The purpose of this page is to explain how to change the collation and codepage when rebuilding a SQL Anywhere database.
In the example used in this document, the original database uses an OEM collation (codepage 850) and the rebuilt database uses an ANSI collation.
In some cases, accented characters, such as German umlauts, are not displayed correctly when an ANSI client (such as a Windows ODBC client without a translator) retrieves data from a database that uses an OEM codepage.
Given is a database originally created with an OEM collation based on codepage 850. (c:\oem.db).
- Start the database with character set translation turned off.
dbeng16 -ct- c:\oem.db
- Unload the database using an internal unload and an external reload. This means the generated reload.sql file has INPUT INTO statements instead of LOAD TABLE statements. LOAD TABLE does not make the server convert/translate data, 'INPUT INTO' does, if required.
dbunload -c "UID=dba;PWD=SQL;ENG=OEM" -ix -r c:\unload\reload.sql c:\unload\data
- Create a new database using an ANSI collation. For example, if German umlauts are used and you want to have them sorted, the 1252DEU collation, based on codepage 1252 (the Windows default), is recommended.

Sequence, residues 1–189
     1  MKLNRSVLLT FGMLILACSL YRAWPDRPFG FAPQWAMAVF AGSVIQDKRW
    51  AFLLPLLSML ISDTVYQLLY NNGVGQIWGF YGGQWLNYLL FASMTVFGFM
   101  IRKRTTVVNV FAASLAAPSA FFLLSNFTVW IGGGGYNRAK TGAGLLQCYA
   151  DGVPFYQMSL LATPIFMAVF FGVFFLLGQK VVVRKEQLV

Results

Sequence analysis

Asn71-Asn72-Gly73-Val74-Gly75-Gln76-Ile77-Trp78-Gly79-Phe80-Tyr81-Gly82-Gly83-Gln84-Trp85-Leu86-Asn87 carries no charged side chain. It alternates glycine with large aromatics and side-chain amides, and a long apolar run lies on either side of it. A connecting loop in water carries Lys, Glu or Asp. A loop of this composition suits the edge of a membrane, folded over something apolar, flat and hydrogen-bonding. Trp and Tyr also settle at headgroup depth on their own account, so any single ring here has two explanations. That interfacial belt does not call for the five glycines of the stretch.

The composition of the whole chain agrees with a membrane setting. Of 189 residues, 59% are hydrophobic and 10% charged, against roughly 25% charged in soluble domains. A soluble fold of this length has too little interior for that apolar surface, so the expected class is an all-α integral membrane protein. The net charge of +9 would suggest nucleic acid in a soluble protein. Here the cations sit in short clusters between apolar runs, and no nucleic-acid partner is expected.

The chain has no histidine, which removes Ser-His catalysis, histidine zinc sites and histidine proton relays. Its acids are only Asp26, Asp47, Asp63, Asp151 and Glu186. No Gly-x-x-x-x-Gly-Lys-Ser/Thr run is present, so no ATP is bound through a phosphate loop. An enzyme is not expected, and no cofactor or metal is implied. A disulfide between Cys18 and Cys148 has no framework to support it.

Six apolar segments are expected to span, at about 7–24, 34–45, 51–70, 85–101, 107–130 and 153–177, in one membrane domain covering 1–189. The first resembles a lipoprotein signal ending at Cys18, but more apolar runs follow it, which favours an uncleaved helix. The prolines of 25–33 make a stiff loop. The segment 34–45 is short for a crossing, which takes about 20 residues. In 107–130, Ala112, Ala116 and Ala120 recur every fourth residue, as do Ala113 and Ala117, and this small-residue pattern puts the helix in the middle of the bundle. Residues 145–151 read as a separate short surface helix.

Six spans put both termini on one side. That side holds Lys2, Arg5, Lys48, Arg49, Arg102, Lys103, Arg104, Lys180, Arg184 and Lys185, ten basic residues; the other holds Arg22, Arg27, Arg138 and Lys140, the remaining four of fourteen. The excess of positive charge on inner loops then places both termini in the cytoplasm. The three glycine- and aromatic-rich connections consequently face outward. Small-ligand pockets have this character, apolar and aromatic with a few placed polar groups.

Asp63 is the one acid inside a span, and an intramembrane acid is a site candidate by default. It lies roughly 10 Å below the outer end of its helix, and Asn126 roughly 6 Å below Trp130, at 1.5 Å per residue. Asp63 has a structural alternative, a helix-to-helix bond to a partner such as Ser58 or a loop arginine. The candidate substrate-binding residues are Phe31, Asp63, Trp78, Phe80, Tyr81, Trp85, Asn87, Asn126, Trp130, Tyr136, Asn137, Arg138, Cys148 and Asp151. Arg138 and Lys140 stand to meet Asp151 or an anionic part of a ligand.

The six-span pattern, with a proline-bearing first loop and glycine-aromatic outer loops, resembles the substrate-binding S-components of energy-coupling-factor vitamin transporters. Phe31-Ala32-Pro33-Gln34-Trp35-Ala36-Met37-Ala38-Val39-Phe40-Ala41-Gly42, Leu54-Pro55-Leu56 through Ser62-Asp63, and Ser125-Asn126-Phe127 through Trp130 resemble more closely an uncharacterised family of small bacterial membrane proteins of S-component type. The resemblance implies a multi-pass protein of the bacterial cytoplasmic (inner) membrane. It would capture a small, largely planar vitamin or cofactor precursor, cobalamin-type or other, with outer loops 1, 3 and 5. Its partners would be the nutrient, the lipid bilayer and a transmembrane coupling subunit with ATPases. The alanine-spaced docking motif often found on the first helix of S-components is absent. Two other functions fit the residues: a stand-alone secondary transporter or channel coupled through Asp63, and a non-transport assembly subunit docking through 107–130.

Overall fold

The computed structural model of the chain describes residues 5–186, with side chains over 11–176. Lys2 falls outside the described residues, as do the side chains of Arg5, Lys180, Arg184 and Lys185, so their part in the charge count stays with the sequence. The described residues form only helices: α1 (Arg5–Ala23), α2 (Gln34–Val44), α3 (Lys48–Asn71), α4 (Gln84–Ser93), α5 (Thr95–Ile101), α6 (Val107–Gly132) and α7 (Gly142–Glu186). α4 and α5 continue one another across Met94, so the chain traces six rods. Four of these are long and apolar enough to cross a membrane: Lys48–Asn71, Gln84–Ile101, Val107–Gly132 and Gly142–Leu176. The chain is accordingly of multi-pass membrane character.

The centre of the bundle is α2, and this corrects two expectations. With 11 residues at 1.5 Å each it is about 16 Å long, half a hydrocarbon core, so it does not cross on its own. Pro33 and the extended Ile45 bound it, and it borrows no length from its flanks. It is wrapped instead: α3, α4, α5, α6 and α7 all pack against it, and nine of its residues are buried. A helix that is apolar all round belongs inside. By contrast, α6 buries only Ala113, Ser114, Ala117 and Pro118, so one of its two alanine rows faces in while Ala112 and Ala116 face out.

dbinit -z 1252DEU c:\newdatabase.db
- Stop the old database server and start the new database with character set conversion turned on.
dbeng16 -ct+ -n new-server c:\newdatabase.db
- Load the data into the new database. You must specify the codepage that was used in the old database to force proper character set translation. In this example, the codepage used in the original database is codepage 850. You must also connect using the ODBC driver rather than jConnect.
dbisql -c "UID=dba;PWD=sql" -codepage 850 c:\unload\reload.sql
- Stop the database and shut down the database server once the data is loaded into the new database.